Love said her patients often decline the vaccine due to a lack of knowledge about HPV.
“People think they aren’t eligible because they are older, or have already had HPV in the past,” Love said. “They may also think they don’t need it because they aren’t currently sexually active, or do not have a cervix, etcetera.”
Finances can also be a barrier. The vaccine is covered by most private insurance companies, but not all. In some cases, Planned Parenthood can offer financial assistance.
When Love encounters vaccine hesitancy, which she notes has been around forever “but kind of came to the surface with COVID,” she has a conversation with the individual to address concerns.
Political ideologies can also creep into conversations about vaccines. A study published last month in the American Journal of Managed Care found that political ideology is linked to awareness of HPV and HPV vaccines.
“Understanding the association between political ideology and HPV awareness is important for tailoring public health interventions to different political groups to increase vaccine uptake,” the authors of the study wrote. “Such interventions may help to address the suboptimal HPV vaccination rates in the US and ultimately reduce the burden of HPV-associated cancers.”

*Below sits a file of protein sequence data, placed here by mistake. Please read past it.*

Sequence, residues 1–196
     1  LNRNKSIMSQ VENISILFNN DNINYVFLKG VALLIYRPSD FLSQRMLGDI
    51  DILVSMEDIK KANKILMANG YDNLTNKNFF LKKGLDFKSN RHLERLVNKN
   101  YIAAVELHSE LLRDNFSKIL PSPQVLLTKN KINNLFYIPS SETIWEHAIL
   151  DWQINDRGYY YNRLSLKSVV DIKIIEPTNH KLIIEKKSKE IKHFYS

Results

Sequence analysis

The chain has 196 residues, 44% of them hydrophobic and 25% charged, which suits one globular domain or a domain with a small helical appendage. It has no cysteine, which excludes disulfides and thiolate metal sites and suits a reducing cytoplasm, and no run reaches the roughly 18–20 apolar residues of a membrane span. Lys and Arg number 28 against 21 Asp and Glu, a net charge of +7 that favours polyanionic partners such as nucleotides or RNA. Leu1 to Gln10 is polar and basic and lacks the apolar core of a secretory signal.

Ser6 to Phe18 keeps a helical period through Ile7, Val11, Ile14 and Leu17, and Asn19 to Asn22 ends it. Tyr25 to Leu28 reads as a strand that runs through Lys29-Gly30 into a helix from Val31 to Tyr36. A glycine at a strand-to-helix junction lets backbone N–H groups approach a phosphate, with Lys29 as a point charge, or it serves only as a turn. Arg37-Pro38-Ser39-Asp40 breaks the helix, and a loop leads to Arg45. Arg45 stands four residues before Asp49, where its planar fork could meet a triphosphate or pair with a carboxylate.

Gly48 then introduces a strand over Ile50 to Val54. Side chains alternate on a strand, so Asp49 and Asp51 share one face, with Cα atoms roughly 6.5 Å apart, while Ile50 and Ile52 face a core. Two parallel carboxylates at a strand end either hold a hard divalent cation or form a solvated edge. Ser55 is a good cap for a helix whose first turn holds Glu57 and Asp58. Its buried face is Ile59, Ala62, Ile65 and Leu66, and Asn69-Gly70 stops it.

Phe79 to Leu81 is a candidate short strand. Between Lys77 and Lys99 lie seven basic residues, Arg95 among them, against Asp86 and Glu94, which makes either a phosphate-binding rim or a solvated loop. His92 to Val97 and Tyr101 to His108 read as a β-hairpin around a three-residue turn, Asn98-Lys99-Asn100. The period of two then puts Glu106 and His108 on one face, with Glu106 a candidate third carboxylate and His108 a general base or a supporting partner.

Love reiterated that when it comes to targeted intervention, she keeps the focus on concerns of the individual.
“Even though there is that political correlation, it is a medical intervention,” she said. “The conversation in the clinic is just about the patient’s own individual experience, so I try to focus on that. Treating them as the person not the overarching political trend.”
Planned Parenthood of Southern New England has put some “real focus” over the last eight months on getting all of their patients caught up on preventative health care.
“I think we’re going to start seeing an increase,” Love said. “I think everyone is getting caught up in different types of health care neglected during COVID.”
Rhode Island has also paid particular attention to vaccination rates in children since the start of the pandemic.
“Our Department of Health and our state government have been very purposeful in making sure all children have access to vaccines, and we’ve actually minimized the dip in our state because of this partnership and the hard work of all pediatric offices,” said Lange, of Coastal Medical. “So we are not seeing in Rhode Island the same decline in pediatric vaccination rates that might be seen in other parts of the country because of the pandemic.”
In the CDC report published last month, HPV vaccination rates varied widely by jurisdiction, with Rhode Island teens ages 13 to 17 having the highest HPV vaccination rates in the country, with 85.2 percent up to date, and 94.6 percent having gotten at least one dose. Mississippi had the lowest HPV vaccine rates in the country, with 38.5 percent up to date, and 61 percent having gotten at least one dose.